Thanks for taking the time to help!

@MarkusG wrote: "For the placement of the rotary pump, how do you access that space easily? Changing the filter was a bit of a **** show as it was hard to get my hands in there. I'm wondering if there's a secret "insiders" trick here."

Take off the passenger side front wheel and you'll have full, easy access.  Here's what it looks like with the wheel off, looking at the central tunnel ahead of the foot bulkhead.  That big rod, top to bottom in the photo, is the passenger side tie rod.

pumps

Top to bottom shows the NAPA fuel filter with the fuel line from the tank coming in from above and left, then the CB Performance pump with inlet on the right and outlet to the hard line in the central tunnel on the left.  The CB pump is wrapped in a protective layer of inner tube and held in place by an insulated electrical clamp.

That third round gizmo at the bottom is the fuel pump for my gas heater.  That is a solenoid pump, but it makes far less noise than a Facet and it's mounted with a rubber-insulated electrical clamp.  When it's running it cannot be heard, even with the engine off.

This photo was taken as I was mocking up the placement of those three components and I've not yet installed a "T" in the fuel hose between the filter and the pumps to feed them both.  Sorry, but I don't have a photo of the completed installation, but the positions of the filter and pumps are the final version.  This shows everything that you'll be placing out there.

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Last edited by Gordon Nichols

I am a big proponent of CB  parts and quality, however we did not have good luck with their fuel  pump (and we run pre pump filter and pre carb filter).  It may have been an isolated batch and may have been long since corrected but I wouldn't know because we stopped using them.  Anyway, what we experienced is that while the Carter (CB) pump would not fail, it would stop self regulating and started putting out 8-9 PSI, which would flood an engine it idle and stall.  Not sure of the validity and redundancy of running an external regulator with a carter, but we now run Redline pumps with external regulators.  Just my experience and 2c.

To answer your direct question, 2 filters are recommended.  Yes if you use the rattle pump mount it on rubber (any pump really it helps with noise and vibration).  Lots of generic rubber mounts available from VW specific suppliers and Amazon.  Under the tank near the front beam is a good location.

@MarkusG my two cents worth, or at least two pennies, me living in England and all that.

1. The sound of a Facet fuel pump.  BTW, it's not much quieter when it was previously installed in the car.

2. Location of rotary fuel pump, large Mahle pre-pump fuel filter (and added stop cock that allows me to replace filter without clamping hoses and dribbling fuel everywhere). This is for a right hand drive car, so the location would have to be reversed on yours. The location of the filter also helps when it comes time to replace it by simply removing the wheel nearest.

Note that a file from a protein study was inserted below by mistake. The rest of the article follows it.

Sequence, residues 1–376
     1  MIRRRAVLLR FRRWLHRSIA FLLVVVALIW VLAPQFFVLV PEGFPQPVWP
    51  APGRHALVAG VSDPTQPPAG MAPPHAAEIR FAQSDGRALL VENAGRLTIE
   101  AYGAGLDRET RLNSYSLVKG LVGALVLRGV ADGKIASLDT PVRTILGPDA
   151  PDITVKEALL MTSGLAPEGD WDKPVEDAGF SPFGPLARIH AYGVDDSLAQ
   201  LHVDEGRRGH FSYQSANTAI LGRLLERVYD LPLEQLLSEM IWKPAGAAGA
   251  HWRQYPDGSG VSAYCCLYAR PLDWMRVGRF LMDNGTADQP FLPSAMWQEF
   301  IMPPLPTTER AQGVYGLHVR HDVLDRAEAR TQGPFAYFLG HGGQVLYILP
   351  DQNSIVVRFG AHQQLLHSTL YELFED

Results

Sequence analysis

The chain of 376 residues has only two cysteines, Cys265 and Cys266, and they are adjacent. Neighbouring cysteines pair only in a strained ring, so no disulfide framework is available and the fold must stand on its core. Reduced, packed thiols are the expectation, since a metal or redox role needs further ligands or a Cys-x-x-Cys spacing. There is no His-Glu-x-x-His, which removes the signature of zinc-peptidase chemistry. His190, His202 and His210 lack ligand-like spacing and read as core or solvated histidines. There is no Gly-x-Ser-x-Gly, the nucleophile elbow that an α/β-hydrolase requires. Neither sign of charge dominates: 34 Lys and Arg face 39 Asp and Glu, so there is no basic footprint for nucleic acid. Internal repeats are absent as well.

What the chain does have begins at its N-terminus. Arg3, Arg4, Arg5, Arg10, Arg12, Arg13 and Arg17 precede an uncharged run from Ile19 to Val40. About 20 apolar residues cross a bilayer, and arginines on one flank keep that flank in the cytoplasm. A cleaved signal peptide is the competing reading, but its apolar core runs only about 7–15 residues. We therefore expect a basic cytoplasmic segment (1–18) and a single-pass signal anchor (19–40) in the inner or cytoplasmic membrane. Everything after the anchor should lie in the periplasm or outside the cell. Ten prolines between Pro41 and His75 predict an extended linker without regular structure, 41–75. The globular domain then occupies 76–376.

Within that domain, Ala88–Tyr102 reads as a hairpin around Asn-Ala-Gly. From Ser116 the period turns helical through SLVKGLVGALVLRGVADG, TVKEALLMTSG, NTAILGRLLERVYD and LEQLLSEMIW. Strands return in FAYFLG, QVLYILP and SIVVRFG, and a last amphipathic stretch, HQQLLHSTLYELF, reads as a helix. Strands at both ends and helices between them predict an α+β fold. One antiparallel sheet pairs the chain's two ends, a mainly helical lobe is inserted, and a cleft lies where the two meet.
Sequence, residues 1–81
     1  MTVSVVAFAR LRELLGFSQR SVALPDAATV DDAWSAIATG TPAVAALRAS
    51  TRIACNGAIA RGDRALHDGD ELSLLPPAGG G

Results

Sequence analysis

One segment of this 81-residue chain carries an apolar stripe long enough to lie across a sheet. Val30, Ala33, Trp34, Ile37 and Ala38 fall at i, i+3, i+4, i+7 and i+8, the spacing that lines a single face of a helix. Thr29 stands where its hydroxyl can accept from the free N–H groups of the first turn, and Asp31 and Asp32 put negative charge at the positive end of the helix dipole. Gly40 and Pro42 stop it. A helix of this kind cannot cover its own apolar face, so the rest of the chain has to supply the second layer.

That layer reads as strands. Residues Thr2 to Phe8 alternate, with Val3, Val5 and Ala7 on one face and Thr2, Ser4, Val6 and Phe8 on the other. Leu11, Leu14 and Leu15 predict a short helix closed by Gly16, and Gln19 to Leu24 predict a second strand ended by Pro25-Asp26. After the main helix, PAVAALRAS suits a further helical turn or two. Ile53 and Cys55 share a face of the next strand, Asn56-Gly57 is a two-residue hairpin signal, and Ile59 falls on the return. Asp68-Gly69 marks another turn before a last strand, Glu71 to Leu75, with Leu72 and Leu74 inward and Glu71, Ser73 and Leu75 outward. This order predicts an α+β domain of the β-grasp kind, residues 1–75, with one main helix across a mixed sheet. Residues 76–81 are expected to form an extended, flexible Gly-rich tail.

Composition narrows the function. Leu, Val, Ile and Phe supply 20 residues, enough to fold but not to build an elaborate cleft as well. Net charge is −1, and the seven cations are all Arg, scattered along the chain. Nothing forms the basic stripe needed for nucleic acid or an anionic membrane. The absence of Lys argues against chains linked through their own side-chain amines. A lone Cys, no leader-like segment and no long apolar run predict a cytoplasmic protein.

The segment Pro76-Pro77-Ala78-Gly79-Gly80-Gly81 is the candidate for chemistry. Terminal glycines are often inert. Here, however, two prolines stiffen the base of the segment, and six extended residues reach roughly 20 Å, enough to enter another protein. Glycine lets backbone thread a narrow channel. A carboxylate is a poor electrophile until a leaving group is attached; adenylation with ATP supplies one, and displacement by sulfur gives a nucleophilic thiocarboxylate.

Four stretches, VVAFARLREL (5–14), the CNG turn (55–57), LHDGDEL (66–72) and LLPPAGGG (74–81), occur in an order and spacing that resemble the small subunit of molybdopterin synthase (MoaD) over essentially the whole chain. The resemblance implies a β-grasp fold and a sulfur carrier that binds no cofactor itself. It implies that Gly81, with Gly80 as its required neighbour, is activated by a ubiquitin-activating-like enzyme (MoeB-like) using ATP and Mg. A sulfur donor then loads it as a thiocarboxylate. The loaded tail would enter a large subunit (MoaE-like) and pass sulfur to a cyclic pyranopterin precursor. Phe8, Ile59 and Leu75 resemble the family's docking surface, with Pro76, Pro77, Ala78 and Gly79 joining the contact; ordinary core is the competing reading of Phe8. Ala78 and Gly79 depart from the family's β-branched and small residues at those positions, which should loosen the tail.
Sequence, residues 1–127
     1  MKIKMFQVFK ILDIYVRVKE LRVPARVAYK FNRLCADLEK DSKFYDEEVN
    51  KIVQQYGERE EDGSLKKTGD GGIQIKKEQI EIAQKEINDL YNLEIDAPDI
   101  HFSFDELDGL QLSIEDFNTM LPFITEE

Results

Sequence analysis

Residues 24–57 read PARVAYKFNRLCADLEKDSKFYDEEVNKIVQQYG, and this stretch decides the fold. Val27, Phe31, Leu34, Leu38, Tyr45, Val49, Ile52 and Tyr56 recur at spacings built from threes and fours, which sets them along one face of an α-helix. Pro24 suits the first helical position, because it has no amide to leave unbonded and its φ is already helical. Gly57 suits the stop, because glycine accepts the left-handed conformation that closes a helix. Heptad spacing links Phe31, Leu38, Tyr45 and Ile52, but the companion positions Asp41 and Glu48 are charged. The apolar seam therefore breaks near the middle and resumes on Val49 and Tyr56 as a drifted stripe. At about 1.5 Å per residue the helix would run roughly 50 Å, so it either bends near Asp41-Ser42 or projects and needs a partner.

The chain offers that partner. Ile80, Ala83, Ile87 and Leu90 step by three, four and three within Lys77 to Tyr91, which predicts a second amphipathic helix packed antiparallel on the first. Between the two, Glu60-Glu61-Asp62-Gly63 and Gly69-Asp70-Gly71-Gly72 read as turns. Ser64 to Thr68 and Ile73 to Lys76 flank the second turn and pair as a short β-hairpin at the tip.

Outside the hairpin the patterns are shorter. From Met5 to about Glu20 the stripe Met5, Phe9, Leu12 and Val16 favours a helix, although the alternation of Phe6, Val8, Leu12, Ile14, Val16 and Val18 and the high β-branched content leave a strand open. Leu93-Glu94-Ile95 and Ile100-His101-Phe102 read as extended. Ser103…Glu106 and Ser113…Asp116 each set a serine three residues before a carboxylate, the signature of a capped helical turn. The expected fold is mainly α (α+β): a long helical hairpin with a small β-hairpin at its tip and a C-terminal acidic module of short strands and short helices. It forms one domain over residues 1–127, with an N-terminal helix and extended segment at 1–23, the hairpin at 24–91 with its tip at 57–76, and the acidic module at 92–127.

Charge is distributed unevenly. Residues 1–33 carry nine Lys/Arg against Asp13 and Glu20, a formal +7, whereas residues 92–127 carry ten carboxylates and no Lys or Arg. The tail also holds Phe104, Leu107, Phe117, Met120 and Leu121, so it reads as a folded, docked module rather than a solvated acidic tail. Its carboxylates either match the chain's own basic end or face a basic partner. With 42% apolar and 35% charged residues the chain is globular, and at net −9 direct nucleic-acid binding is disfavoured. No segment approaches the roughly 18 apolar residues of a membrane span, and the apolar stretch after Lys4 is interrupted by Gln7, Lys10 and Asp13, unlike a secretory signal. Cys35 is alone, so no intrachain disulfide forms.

Don't do what I did and initially mount the fuel pump the wrong way round, so it was blowing air bubbles back into the fuel tank.. doh! Make sure you build in enough slack in the hose length so that you can prop the fuel tank up in order to look through the hole for future inspection of fuel pump or brake master cylinder without having to remove any hose connection.

20210203_153323

3. I've also got a Malpassi fuel filter/pressure regulator in the engine bay (which you can just see at the tip of one of the pics on another post here), but that's because it was already there - I just replaced all the hoses but left the Malpassi in the same position.

Hope this helps.

[edit] oh, and if you're doing all this, don't forget to clean out your fuel tank before you stick a new filter and pump in. The small amount of extra time needed is far outweighed by the huge reduction in crud needing to be filtered out along the way to the carbs. Well worth the effort.

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Last edited by South Coast Martin (UK)

On my Spyder, I find it’s easier to just pull the tank to work on any of that stuff.
I drive the car till it’s low on fuel, pop a fuel line off a carb and let the pump empty the tank, then I pull the four bolts off the tank and remove it. When I installed the new fuel pump, I left a long enough service loop on the fuel line so I can pretty much lift it out of the way and remove the line without spilling any gas.

@dlearl476 posted:

... When I installed the new fuel pump, I left a long enough service loop on the fuel line so I can pretty much lift it out of the way and remove the line without spilling any gas.

kinda like Smokey Yunick, NASCAR owner, who instead of a half-inch fuel line, he created a two-inch fuel line that was 11 feet long, and held five gallons of gas. Rules only stated capacity of fuel tank, not fuel line.